PRINCETON, NJ -- Gallup's Economic Confidence Index stands at -27 for the week ending Feb. 21, on par with the previous week's -28. The trend, based on roughly 3,500 interviews each week, clearly shows that consumer attitudes have been steady thus far in February, as well as for the past six weeks. The most recent decline in confidence was recorded in mid-January, and followed a modest post-Christmas bounce that Gallup first detected in late December.
The Gallup Economic Confidence Index is based on Americans' answers to two questions -- one asking about current economic conditions in the country and the other about the direction of the economy. Both components of the index have been highly stable in recent weeks. However, in late December and early January there was an uptick in consumer optimism about the economy's direction, resulting in the slight improvement to the overall index at those points.
Gallup's weekly findings are based on aggregated results of Gallup Daily tracking interviews with a nationally representative sample of approximately 3,500 U.S. adults per week, and thus provide highly reliable estimates of consumer views.
Conference Board Release Behind the Curve
"As the Gallup trend suggests, the souring of consumer attitudes that The Conference Board detected with its early February reading most likely set in around mid-January."
Gallup's Economic Confidence Index weekly trend highlights a significant timing issue inherent in The Conference Board's recent release, which stated, "Consumer Confidence, which had been improving over the past few months, declined sharply in February." That report -- showing a drop in consumer confidence from 56.5 in January to 46.0 in February -- is widely credited with rattling the nation's equity markets on Tuesday, helping to drive the Dow Jones Industrial Average down more than 100 points by the close of markets.
The Conference Board data are based on mail surveys received in the first half of each month, meaning most of those surveys are likely filled out by respondents in the first 10 days of the month. As a result, The Conference Board's Consumer Confidence Index is largely a gauge of consumer attitudes at the beginning of each month. Thus, The Conference Board's finding of a drop in consumer confidence in February in reality describes a decline that happened between early January and early February. Conference Board preliminary numbers are not reported until late in a given month.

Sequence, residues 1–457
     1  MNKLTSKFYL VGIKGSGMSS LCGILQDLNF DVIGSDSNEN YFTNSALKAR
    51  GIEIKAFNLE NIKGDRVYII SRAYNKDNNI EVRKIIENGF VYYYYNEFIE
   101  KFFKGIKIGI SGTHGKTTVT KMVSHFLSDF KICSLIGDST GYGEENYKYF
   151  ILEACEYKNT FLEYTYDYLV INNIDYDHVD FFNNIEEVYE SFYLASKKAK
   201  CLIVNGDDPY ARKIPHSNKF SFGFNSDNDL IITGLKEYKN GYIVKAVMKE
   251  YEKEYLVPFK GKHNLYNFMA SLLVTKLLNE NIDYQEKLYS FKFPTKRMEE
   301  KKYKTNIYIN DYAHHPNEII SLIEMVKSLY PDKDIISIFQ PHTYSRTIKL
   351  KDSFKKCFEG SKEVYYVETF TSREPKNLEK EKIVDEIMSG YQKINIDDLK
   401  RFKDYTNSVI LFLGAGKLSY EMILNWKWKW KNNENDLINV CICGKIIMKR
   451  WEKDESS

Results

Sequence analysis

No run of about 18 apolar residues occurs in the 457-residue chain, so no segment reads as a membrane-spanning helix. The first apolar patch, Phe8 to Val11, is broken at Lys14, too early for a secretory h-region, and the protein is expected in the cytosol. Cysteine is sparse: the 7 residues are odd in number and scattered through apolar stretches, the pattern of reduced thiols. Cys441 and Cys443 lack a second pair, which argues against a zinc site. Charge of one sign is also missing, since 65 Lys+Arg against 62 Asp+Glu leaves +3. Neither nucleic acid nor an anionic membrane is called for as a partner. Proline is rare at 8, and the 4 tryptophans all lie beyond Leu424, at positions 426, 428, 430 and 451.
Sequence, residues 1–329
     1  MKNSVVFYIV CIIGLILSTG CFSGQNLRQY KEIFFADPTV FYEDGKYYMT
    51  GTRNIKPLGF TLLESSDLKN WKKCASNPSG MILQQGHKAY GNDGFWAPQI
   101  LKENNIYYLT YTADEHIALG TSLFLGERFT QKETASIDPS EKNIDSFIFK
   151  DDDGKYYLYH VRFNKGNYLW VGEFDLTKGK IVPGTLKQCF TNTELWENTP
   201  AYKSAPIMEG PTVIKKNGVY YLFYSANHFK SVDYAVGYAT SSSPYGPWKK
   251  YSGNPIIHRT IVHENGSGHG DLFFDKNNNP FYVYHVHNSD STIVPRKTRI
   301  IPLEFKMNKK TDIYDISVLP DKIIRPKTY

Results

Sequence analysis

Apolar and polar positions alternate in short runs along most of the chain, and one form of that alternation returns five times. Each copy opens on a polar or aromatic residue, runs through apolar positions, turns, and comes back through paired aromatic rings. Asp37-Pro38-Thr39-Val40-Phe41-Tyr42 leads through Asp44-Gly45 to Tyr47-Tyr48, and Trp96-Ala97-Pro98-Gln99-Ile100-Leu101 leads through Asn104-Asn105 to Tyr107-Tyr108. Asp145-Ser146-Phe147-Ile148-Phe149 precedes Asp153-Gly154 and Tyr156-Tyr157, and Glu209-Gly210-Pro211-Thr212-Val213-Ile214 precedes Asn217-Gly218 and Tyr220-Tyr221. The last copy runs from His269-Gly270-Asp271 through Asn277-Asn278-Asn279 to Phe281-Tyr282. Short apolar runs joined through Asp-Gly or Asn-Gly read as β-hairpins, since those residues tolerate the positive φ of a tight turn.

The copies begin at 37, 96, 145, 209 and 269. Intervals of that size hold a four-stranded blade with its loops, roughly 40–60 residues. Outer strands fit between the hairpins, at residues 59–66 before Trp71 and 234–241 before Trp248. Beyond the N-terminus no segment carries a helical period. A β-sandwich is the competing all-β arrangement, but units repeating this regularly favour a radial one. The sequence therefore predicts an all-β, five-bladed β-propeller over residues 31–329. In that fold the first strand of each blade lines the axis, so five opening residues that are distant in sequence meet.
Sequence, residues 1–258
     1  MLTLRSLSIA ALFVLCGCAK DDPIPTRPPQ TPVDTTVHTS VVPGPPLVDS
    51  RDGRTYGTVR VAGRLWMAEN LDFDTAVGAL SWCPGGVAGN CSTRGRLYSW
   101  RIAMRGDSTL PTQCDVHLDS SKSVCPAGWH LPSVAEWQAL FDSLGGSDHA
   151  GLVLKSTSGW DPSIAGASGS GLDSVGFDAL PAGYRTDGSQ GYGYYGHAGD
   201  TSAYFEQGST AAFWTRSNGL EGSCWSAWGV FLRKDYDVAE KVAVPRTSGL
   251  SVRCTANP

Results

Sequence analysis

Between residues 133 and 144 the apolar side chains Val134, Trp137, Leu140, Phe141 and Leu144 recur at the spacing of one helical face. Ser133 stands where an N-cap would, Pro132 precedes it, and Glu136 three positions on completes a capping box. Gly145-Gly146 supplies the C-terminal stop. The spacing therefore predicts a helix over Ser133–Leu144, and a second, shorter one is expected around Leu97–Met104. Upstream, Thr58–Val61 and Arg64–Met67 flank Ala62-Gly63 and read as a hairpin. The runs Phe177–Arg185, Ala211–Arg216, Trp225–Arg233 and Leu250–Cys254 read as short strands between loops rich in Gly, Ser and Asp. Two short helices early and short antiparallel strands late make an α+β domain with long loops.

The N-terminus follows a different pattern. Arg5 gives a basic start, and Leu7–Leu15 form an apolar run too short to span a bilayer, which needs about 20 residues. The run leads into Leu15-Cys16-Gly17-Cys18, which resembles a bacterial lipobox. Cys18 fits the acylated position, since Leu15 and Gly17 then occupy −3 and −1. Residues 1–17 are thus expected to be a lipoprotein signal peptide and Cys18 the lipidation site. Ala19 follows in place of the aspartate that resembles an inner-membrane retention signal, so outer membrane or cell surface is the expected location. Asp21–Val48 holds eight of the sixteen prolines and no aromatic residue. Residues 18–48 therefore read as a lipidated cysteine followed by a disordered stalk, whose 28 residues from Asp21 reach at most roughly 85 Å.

As the Gallup trend suggests, the souring of consumer attitudes that The Conference Board detected with its early February reading most likely set in around mid-January. The February finding looks particularly dramatic in comparison with the slightly elevated level of consumer confidence that The Conference Board found in early January. Gallup data, however, show that current confidence levels are generally no more negative than they have been for much of the last six months. (This insight has been widely available on Gallup.com in near-"real time," both on a weekly basis and in Gallup's daily reporting of continuous three-day rolling averages.
The fact that Gallup's data show little change in economic confidence in recent weeks is not to say that consumer attitudes at present are positive or that they haven't shown some decline since the beginning of the year. Gallup's Economic Confidence Index has been in negative territory since March 2007, and has fallen well below 0, the neutral Index point, for the past two years. However, the -27 figure for Feb. 15-21 is not much different from the values Gallup recorded in the last quarter of 2009.
When one focuses just on Gallup's Economic Confidence Index for the first full week of each month (the week most comparable to The Conference Board's field schedule), the results tend to track The Conference Board's monthly Consumer Confidence Index closely. Gallup's ability to monitor attitudes on a continuous basis throughout the month, however, provides a much more complete understanding of how American consumers are feeling about the national economy and its direction -- an understanding not available from surveys conducted in only certain parts of each month.
While The Conference Board's 46.0 reading this month is technically the lowest seen since April 2009 (when it was 40.8), given the likely sample size and associated margins of error around a mail panel survey of its kind, the current reading is essentially the same as the October (48.7) and July 2009 (47.4) readings.
On the whole, American consumers are more negative than positive about the U.S. economy -- both in their assessments of current conditions and their outlook for whether things are improving or getting worse. While Americans are now slightly more negative than they were at the start of the year, this shift occurred roughly five weeks ago, in mid-January. Since then, Gallup's Daily tracking shows that consumer attitudes have been highly stable.
More broadly, the good news is that consumer attitudes are no worse than they have been for much of the past six months, and are in fact substantially less negative than they were a year ago at this time, and for most of 2008.
Learn more about Gallup's economic measures.
For Gallup Daily tracking, Gallup interviews approximately 1,000 national adults, aged 18 and older, each day. The Gallup Economic Index is based on random half-samples of approximately 500 national adults, aged 18 and older, each day. Weekly results are based on telephone interviews with approximately 3,500 adults. For these results, one can say with 95% confidence that the maximum margin of sampling error is ±2 percentage points.
Interviews are conducted with respondents on land-line telephones and cellular phones.
In addition to sampling error, question wording and practical difficulties in conducting surveys can introduce error or bias into the findings of public opinion polls.